What Are Top Misconceptions About Auto Accident Claims?

One of the top misconceptions about auto accident claims pertains to Florida insurance laws. Unfortunately, Florida is one of only two states in the country that does not require an owner of a motor vehicle to carry bodily injury liability insurance. Therefore, if you are injured in a car collision caused by a driver who does not carry bodily injury liability insurance, you may not be able to obtain a recovery. This is why it is important to purchase underinsured or uninsured motorist coverage. Such insurance coverage is not expensive, and it will provide you the right to recover money damages in the event that you are in a motor vehicle crash caused by the carelessness of another driver. If you do not know whether or not your policy includes underinsured or uninsured motorist coverage, we would recommend that you contact your insurance carrier.

Another misconception involves coverage called no-fault or PIP (personal injury protection insurance). This insurance is required under Florida law for all persons who own a motor vehicle. It is called no-fault insurance because, even when the accident is not your fault, your own insurance carrier is obligated to pay your medical bills and any wage loss benefits. However, important limitations and restrictions on the payment of PIP benefits apply. For example, if you do not treat with a doctor within 14 days, you may risk losing all or some of your PIP benefit coverage. For these reasons, if you are seriously injured in a motor vehicle collision, it is important to contact an attorney as soon as possible so that all of your rights and benefits are protected.

Another misconception regarding auto claims involves the types of damages that may be awarded by a jury in the state of Florida. These damages generally fall into two categories, economic damages and noneconomic damages. Economic damages include out-of-pocket expenses such as medical bills and lost wages. These damages are recoverable even if a person has not suffered "a permanent injury" from an auto accident. Noneconomic damages include damages for pain and suffering, inconvenience, loss of enjoyment of life, scarring and disfigurement, disability, mental anguish and impairment. These damages are only available if you can show that your injuries are permanent. Whether an injury is permanent is usually confirmed by the medical records or the testimony of your treating physicians. In addition, if your injuries involve scarring and/or disfigurement such injury also qualifies as a permanent injury entitling you to recover noneconomic damages. In the event that your injuries are not permanent, you can still pursue a claim for past and future wages and past and future medical bills.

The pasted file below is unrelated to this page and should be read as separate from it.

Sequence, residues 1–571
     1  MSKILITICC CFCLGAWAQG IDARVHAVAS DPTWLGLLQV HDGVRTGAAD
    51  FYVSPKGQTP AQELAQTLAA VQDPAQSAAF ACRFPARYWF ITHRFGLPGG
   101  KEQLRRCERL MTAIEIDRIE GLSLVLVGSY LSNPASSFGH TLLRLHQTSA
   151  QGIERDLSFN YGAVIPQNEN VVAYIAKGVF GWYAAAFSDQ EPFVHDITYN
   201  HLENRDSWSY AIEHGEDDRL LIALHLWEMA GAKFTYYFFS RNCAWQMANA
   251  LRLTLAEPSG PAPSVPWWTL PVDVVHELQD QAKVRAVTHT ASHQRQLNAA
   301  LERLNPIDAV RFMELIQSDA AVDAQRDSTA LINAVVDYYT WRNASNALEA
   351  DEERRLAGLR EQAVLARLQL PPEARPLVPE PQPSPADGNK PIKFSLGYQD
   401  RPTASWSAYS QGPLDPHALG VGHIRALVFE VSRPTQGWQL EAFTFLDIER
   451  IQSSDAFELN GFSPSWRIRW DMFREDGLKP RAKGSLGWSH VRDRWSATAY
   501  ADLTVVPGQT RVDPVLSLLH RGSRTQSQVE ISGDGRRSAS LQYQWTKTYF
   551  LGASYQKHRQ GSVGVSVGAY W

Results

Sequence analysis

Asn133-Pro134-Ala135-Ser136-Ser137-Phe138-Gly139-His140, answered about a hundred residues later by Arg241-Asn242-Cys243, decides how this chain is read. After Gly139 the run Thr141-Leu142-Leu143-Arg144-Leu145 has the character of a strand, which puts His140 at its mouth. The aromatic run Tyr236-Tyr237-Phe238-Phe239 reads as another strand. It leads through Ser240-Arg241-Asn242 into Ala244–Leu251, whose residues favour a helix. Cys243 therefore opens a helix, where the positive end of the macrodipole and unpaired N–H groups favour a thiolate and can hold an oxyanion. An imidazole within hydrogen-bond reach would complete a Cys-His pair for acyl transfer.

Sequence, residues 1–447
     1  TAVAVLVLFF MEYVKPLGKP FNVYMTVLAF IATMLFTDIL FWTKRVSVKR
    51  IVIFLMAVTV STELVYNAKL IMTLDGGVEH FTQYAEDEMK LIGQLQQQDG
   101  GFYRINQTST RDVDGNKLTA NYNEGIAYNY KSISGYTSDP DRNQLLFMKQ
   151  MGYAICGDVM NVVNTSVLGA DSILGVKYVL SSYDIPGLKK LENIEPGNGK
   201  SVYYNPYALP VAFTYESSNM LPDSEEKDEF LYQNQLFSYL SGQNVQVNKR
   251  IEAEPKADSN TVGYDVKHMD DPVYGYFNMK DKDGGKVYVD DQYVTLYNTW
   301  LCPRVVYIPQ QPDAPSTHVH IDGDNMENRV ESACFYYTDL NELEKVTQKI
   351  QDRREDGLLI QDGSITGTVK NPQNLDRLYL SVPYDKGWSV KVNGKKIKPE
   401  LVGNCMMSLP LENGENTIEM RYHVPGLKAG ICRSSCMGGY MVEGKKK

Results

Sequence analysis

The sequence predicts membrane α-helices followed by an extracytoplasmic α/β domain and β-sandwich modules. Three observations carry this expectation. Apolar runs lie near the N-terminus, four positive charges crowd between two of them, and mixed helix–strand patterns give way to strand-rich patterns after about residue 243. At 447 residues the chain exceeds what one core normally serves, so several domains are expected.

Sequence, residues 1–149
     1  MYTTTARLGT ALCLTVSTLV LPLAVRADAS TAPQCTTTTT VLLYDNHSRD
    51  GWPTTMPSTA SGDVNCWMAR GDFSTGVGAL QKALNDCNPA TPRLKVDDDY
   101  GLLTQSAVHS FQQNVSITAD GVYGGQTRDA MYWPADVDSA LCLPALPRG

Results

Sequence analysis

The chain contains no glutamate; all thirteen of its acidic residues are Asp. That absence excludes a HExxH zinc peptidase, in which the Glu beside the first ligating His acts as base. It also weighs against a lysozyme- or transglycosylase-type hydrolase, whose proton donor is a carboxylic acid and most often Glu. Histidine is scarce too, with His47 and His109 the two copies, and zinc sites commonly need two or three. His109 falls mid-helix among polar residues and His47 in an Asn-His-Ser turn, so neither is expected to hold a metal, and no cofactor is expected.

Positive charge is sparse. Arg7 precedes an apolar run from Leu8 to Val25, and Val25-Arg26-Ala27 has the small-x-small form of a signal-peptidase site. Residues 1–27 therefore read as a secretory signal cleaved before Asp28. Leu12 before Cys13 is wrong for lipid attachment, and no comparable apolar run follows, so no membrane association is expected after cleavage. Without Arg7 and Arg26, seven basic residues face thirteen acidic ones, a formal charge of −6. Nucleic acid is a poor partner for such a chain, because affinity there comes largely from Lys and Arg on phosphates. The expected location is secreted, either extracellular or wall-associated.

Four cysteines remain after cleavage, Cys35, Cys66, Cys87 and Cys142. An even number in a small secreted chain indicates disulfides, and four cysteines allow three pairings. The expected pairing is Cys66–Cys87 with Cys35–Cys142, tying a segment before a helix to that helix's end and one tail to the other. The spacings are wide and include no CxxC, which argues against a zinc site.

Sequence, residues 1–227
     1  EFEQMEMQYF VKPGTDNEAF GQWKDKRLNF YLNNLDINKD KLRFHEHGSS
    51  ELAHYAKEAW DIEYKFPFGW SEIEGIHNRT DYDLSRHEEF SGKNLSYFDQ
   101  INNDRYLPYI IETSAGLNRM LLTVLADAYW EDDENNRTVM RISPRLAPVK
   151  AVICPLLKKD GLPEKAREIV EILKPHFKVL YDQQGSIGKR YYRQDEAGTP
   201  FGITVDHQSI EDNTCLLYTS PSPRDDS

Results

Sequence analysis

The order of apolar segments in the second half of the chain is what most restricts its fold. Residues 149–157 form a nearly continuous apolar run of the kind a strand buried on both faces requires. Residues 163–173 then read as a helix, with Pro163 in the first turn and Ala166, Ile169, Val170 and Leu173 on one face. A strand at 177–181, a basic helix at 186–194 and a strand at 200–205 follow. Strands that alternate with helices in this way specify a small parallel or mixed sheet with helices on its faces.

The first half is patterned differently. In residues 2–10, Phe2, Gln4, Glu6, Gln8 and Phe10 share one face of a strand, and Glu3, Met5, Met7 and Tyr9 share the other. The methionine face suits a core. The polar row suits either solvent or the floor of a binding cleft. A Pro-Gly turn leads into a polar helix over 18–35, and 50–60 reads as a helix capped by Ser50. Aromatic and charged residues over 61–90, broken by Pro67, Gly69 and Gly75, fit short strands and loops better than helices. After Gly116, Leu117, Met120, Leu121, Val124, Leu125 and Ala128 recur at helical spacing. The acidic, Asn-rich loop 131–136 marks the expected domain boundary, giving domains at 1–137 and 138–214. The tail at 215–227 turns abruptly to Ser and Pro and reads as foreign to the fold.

What Is PIP Or Personal Injury Protection?

PIP stands for personal injury protection, and under Florida law every vehicle owner and driver is required to carry $10,000 worth of PIP insurance coverage.

PIP benefits are paid by your own insurance company if you are involved in a motor vehicle crash, regardless of who is at fault for the accident. This is what is meant by Florida being a "no-fault" insurance state.

PIP insurance pays for 80 percent of your medical bills and 60 percent of your lost wages, up to $10,000. This means you have to recover the rest of your out-of-pocket expenses from the driver who caused the accident.